Vinci is a small town 44 kilometres west of Florence, famous the world over as the birthplace of the original Renaissance man – Leonardo Da Vinci. The town hosts an important museum dedicated to the work of Leonardo, and in nearby Anchiano you’ll find the farmhouse where he was born.
Leonardo travelled a lot during his life and ended his days in France, but the landscape of his native Tuscany remained close to his heart, as many of his paintings testify.
Vinci, the town that gave its name to Leonardo
Leonardo was born in 1452 just outside Vinci and this is where he spent his childhood. Visiting this small Medieval hilltop town surrounded by olive groves, gives us a sense of Leonardo’s beginnings. Emerging from the top of the walls is a big wooden sculpture representing Leonardo’s Vitruvian man. It’s the town’s signature piece by contemporary artist Mario Ceroli. Another contemporary sculpture inspired by Leonardo’s work is the bronze horse in Piazza della Libertà.
The Conti Guidi Castle that hosts the Leonardo Museum has early Medieval origins. The castle remained independent until 1254 when the Counts gave it up to Florence. The 20th century restoration gave it back its Medieval form, and today it dominates the village and the surrounding countryside and valleys, offering beautiful views.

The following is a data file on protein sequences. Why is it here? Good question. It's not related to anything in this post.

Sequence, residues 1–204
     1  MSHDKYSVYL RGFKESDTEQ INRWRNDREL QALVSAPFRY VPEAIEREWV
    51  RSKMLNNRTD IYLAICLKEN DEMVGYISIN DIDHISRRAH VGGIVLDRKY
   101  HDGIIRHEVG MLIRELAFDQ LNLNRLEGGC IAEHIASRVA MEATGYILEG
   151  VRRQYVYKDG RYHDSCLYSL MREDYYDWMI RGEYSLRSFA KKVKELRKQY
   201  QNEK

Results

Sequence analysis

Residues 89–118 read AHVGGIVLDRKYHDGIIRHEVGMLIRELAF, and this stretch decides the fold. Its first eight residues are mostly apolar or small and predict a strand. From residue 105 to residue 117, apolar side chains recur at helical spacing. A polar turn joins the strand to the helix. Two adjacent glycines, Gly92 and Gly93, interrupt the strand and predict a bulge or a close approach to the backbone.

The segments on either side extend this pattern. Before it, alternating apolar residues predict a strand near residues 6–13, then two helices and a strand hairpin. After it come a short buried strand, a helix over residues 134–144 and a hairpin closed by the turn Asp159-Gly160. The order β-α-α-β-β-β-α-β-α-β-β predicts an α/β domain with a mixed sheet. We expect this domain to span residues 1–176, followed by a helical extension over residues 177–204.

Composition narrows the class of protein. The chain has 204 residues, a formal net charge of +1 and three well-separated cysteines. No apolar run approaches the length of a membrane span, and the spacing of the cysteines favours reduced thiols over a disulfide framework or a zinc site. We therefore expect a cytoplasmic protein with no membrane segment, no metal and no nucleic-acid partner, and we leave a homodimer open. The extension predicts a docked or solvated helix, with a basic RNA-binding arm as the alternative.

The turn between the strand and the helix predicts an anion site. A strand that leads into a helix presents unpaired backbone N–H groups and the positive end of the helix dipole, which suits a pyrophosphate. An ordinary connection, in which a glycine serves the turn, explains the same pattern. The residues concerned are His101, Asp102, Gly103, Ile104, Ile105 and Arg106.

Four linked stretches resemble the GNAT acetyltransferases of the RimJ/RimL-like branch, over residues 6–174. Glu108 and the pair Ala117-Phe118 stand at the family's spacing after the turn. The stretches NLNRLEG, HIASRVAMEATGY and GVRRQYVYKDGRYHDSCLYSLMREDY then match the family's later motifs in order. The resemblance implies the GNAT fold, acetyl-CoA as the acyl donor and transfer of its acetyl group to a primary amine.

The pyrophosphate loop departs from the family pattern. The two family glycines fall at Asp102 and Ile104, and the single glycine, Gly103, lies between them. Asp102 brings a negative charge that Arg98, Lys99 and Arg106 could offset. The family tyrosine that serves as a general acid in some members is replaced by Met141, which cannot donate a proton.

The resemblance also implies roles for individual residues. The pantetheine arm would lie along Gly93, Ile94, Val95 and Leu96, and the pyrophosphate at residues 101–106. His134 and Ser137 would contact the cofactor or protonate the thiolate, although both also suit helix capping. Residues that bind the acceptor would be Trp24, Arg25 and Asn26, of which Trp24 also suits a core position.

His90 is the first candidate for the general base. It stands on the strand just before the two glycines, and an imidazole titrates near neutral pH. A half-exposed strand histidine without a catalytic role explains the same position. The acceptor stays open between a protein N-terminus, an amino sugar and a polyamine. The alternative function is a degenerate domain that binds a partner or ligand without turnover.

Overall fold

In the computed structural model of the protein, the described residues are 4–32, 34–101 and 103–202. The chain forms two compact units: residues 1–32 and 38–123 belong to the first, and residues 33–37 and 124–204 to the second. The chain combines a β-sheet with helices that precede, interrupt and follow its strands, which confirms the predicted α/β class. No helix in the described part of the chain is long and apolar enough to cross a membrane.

The Leonardiano Museum in Vinci, Tuscany
The Leonardo da Vinci Museum houses models of Leonardo’s inventions alongside reproductions of the artist’s sketches and notes. The collection includes everything from mechanical clocks to unique machines that reveal Leonardo’s eclectic interests in flight, optics and navigation. The museum brings his fascinating ideas and theories to life, with sections dedicated to the different machines and models, and a video room. The museum building is divided into The Palazzina Uzielli and the Counts Guidi Castle.
The house where Leonardo was born in Anchiano
With a combined ticket you can visit the museum, and the farmhouse where is believed that Leonardo was born, in nearby Anchiano. There’s not much to see, but it’s a good place to learn more about the life of this extraordinary artist. Here, a life-size hologram of an old Leonardo tells the visitor the story of his life, his travels, the people he met, what he studied and explains his various discoveries.
You can reach the house by car or on foot along the 3 kilometre road to Anchiano that winds through olive groves. The house is open every day (March-October: 10am-7pm, and November-February: 10am-5pm).
How to get there
Take the Strada Grande Comunicazione FI-PI-LI, exit Empoli Ovest and follow the signs to Vinci.
What to see nearby
The Medici Villa in Cerreto Guidi is a UNESCO World Heritage Site. An example of Renaissance architecture, Cosimo I de’ Medici wanted it as a hunting lodge. Today it hosts a a collection of weapons and paintings depicting hunting scenes. Cerreto Guidi is located 5 kms. from Vinci.